Tuesday, January 1, 2013

The Single Sentence Story

An English teacher once told me every story can be boiled down to a single sentence. Or two. For my first book, I had an idea for a story but struggled to capture the essence of my novel in one sentence. Here’s what I came up with:

Anticipating retirement, Molly’s life suddenly changes direction and her faith is challenged when her eldest daughter, Laney, the mother of Molly’s two grandchildren is in an accident while driving under the influence of alcohol. 

Of course I couldn't leave it at that, so I added:

The accident leaves Laney paralyzed and her best friend dead.  While Laney is paralyzed physically, Molly discovers she has been paralyzed spiritually for some time. The mother and daughter relationship is strained but as the family tackles a series of crises together, Molly and Laney grow closer to each other and more importantly, closer to God. 

Okay, I didn’t fit it all into one sentence, but you get the idea. This time, as I begin my second novel I have worked even harder to try to summarize my book into a single sentence. Here is what I have:

Coffee barista and shop owner Sonja Parker is a single mom on her last leg financially and emotionally when Melissa, a college student comes to work at the Door County store and brings the message of God’s favor to Sonja.

Let’s see, here is what I know about my book so far. Two of the main characters are Sonja and Melissa. Sonja owns her own business. She is a mom and she is strapped emotionally and financially. Hmmm, I bet she is physically run down as well. I also know she lives in Door County. Since it is my story, I happen to know Door County is in Wisconsin. I can describe the area in my novel.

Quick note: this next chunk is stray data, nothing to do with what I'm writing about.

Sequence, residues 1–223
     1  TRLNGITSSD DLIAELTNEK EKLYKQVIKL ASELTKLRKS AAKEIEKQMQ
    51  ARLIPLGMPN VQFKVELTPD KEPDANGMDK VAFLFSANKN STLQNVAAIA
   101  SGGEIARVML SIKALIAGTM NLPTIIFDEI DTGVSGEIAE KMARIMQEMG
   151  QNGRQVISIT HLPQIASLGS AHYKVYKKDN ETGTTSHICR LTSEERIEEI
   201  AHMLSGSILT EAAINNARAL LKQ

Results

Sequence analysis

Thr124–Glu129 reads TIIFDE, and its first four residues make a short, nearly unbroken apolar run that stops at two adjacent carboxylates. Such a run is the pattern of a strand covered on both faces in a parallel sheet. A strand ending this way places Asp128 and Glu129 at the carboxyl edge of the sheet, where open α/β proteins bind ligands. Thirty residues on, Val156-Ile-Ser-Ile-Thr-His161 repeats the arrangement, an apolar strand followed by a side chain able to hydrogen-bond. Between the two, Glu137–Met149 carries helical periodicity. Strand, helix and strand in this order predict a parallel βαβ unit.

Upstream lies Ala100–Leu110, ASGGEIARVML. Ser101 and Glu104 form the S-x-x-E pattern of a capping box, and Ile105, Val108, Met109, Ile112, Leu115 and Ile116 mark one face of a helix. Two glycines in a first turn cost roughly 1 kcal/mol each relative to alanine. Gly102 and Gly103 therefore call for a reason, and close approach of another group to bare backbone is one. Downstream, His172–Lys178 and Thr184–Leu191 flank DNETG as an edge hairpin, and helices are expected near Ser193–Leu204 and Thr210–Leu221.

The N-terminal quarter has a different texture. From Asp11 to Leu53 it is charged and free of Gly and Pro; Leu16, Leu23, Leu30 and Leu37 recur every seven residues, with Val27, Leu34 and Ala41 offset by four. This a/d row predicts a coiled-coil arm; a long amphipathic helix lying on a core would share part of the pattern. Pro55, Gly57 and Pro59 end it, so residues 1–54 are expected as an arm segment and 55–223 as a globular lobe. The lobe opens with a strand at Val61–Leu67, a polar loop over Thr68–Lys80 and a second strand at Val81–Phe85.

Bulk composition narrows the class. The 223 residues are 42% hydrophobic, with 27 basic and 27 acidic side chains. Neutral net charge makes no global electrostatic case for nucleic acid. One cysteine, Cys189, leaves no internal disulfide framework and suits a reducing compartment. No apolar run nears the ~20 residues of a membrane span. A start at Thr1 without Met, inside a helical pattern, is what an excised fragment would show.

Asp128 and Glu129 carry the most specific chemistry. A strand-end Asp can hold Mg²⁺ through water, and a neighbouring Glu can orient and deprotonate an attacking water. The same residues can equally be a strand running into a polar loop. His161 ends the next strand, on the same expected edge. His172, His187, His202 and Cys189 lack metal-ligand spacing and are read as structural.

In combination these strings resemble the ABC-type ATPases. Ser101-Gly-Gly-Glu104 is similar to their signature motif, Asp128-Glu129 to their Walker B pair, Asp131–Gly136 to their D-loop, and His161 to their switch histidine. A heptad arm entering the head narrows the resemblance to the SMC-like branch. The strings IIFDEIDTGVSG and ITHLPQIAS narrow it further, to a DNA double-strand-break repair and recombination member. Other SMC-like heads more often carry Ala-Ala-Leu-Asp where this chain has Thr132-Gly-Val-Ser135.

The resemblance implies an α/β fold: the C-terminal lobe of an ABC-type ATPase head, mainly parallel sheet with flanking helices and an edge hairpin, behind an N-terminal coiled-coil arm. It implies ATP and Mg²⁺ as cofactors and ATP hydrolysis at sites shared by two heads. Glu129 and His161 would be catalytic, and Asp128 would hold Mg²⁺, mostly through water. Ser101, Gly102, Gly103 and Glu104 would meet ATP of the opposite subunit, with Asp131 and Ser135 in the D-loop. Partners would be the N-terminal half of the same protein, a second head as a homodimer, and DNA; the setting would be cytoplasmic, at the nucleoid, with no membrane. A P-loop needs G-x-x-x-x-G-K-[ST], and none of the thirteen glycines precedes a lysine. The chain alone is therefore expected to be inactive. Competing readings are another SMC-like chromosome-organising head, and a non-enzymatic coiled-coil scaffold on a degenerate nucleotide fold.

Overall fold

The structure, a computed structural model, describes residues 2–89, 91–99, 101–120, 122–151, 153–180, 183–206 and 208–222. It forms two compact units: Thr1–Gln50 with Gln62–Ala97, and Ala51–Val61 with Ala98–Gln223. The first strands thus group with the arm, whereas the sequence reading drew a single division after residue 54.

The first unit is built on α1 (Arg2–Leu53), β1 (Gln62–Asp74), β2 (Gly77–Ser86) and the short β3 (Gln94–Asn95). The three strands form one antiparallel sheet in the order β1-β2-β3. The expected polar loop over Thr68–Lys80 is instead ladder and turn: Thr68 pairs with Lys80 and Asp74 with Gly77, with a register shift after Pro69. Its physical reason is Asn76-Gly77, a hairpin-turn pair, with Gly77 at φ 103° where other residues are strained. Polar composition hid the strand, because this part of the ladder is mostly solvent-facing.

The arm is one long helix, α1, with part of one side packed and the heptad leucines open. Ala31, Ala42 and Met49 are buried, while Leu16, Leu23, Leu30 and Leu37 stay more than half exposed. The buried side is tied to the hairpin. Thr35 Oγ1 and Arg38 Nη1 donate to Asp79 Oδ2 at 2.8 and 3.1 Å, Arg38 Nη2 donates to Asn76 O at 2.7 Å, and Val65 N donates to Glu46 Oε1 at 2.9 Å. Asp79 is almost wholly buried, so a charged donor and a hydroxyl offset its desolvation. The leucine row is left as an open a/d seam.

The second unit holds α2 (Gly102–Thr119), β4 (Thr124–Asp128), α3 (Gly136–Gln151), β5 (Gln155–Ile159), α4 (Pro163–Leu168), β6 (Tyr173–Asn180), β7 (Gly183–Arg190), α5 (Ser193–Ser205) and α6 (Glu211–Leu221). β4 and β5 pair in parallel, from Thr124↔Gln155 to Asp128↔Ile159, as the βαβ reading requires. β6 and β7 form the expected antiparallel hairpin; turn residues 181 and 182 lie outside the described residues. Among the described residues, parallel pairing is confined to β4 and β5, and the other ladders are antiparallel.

I also know something about Melissa. I know Melissa is a believer, a Christ follower. She is in the eighteen to twenty-two year age range. That is of course assuming she is a traditional college student and not like so many of us who took seven years to get through our undergrad programs…Hey, I was busy with two children!

I think it is going to be fun to see this story unfold.

Now it’s your turn. No pressure, but it may be fun to play with that story you have always wanted to write. Can you boil it down to one sentence? Good luck! Let me know how it goes.


  1. No one was going to tell her what she could or could not do, it was her life and from now on she was making all her own decisions

    1. Hi Marianne! Is this part of Katherine with a K?

    2. Yes, getting back to it now that the holidays are done.


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